‘Memoria’ wins top prize at Chicago Film Festival

The 57th Chicago International Film Festival awarded its first prize on Friday – the Gold Hugo of its international competition – to “Memoria” by Thai director Apichatpong Weerasethakul. Tilda Swinton stars as a woman mystified by “a rumbling from the heart of the earth” and searches for her meaning in the Colombian jungle.

The festival announced this year’s awards on its YouTube channel. Artistic director Mimi Plauché hosted the live broadcast of the jurors and winners.

“We are thrilled,” Weerasethakul, a former graduate student at the School of the Art Institute of Chicago, said via Zoom. “Chicago was like my second home where I discovered a different kind of cinema in the classroom, at Chicago Filmmakers, the Film Center, Facets and the Music Box and of course the Chicago International Film Festival.” He also praised the projectionists here.

“Memoria” director Apichatpong Weerasethakul speaks at the New York Film Festival on October 5.
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Japanese director Ryuske Hamaguchi won two prizes: a Silver Hugo Jury Prize for “Drive My Car” and a Silver Q-Hugo (rewarding LGBTQ+ films) for “Wheel of Fortune and Fantasy” in the OutLook competition.

Other Gold Hugo awards include ‘Brother’s Keeper’ in the New Directors Competition and ‘Skal’ in the International Documentary Competition. “Great Freedom” won a gold Q-Hugo in the Outlook competition.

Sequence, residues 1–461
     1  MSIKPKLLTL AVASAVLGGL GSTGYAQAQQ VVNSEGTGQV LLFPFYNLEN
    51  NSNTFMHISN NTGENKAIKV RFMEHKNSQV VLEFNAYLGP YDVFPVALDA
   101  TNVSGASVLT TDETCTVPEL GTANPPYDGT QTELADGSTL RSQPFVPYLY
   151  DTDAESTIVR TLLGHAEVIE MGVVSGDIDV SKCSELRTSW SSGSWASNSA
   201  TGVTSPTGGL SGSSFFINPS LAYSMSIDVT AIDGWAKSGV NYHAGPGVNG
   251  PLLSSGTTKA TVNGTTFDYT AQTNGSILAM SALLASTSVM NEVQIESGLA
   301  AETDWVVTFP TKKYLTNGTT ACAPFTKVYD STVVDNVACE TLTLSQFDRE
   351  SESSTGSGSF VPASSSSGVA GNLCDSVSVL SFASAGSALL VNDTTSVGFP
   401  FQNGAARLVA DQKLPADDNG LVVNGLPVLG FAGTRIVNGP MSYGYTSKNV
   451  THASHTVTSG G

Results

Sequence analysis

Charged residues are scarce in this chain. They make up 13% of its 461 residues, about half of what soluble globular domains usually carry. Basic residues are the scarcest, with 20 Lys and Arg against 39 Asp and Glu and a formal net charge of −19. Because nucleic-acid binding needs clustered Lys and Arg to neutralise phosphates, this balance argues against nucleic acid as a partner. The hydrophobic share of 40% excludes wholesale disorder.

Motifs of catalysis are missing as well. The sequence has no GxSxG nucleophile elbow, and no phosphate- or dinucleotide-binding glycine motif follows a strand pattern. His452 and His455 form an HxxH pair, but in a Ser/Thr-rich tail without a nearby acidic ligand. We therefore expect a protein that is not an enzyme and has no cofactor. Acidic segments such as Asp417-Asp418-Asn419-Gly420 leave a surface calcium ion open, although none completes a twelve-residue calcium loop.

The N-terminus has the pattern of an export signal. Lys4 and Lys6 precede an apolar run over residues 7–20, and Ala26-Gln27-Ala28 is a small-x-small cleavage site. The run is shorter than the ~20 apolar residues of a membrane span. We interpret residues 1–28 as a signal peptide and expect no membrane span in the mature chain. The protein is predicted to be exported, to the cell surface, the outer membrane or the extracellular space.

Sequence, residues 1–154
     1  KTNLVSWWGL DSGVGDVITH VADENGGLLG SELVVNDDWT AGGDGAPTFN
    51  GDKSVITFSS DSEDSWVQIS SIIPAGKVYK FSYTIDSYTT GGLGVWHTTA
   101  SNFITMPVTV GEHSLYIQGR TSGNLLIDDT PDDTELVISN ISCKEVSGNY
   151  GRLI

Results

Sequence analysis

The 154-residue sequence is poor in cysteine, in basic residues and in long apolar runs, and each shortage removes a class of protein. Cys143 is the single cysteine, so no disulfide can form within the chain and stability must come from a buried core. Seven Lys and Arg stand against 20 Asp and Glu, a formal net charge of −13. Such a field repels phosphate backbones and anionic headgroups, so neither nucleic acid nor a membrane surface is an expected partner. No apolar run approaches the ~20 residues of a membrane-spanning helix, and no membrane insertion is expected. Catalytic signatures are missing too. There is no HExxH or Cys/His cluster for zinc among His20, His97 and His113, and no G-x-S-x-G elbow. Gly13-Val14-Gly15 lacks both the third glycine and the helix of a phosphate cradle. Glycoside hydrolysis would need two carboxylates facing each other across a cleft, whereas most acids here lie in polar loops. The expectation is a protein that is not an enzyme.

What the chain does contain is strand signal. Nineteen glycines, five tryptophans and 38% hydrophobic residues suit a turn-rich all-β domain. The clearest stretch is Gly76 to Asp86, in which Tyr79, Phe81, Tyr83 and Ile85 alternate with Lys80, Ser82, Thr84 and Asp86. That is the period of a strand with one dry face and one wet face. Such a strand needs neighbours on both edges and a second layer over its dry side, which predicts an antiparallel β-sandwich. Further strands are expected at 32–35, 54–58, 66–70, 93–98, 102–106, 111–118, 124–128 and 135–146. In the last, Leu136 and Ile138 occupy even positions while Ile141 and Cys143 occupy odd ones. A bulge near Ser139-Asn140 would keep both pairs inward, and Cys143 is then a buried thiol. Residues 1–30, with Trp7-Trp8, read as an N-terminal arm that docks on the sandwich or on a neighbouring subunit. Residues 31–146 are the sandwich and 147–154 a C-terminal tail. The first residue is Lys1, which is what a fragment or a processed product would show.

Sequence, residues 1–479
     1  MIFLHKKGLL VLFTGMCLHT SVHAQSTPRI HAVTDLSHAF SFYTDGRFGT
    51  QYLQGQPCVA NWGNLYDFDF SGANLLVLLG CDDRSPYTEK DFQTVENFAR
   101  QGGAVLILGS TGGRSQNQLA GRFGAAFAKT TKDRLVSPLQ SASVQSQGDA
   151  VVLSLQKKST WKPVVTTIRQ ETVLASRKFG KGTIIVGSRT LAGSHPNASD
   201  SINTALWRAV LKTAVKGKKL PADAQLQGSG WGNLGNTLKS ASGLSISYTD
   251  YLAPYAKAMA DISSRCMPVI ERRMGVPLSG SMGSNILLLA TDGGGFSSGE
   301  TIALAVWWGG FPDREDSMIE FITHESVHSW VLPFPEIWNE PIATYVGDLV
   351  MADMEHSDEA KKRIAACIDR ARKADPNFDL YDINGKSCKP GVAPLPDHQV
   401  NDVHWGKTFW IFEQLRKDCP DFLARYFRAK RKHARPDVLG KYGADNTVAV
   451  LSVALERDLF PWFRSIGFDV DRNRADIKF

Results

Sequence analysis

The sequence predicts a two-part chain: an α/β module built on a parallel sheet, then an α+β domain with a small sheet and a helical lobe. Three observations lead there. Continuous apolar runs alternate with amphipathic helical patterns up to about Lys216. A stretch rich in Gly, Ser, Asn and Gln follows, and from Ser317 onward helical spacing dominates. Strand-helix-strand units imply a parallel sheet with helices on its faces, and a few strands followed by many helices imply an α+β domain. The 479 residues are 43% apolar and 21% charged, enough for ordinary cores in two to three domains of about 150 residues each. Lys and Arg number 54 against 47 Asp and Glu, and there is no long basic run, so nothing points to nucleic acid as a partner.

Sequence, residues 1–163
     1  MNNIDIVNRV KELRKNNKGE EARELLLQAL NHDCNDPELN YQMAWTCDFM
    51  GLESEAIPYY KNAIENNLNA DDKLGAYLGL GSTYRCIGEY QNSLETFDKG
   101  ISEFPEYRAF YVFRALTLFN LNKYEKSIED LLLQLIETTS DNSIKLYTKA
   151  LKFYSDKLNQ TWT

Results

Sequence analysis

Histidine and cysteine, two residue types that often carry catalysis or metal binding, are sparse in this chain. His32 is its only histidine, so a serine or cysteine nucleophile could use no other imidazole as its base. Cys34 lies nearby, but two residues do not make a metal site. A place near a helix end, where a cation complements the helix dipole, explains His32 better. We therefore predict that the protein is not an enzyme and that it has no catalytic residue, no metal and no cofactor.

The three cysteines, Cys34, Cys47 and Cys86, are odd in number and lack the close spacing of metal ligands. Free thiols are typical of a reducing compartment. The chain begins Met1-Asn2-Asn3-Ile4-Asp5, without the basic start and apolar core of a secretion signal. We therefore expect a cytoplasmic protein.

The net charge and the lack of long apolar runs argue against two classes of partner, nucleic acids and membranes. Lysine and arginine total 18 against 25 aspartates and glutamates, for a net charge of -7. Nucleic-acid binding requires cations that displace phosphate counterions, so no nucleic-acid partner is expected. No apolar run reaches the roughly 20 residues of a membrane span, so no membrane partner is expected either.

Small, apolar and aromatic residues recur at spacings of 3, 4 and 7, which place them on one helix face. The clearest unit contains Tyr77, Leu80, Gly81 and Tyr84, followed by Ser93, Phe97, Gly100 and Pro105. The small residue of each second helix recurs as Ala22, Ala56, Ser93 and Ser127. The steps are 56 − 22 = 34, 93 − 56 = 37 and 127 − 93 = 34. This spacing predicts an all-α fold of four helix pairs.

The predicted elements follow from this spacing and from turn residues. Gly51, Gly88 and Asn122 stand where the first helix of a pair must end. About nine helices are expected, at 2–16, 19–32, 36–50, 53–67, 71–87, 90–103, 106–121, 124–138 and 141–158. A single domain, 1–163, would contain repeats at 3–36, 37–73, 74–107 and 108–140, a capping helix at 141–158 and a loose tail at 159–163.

The Chicago Award for Films in the City & State Program went to Margaret Byrne’s “Any Given Day,” a documentary about mental health issues in Cook County. The recognition comes with two in-kind donations of film production services valued at $45,000.

Two Silver Hugos went to “Nobody Has to Know”: Bouli Lanners for Best Male Performance and Michelle Fairley for Best Female Performance.

Other Silver Hugos went to “Babi Tar.” Context” in the International Documentary Competition, “107 Mothers” for Best Director, “Amparo” in the New Directors category, “What Do We See When We Look at the Sky? for Best Screenplay and “The Worst Person in the World” for Best Cinematography.

“Drive My Car” is one of two winners from Japanese director Ryuske Hamaguchi.
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“Memoria” airs again Saturday at 1:00 p.m. on AMC River East 21. “Drive My Car” airs there at 2:00 p.m., “Any Given Day” at 12:15 p.m.

Five Best of Fest screenings are scheduled for Sunday evening, the last of the festival. Titles and times will be announced at chicagofilmfestival.com

Billing itself as “North America’s longest running competitive film festival,” the annual event is presented by the non-profit organization Cinema/Chicago.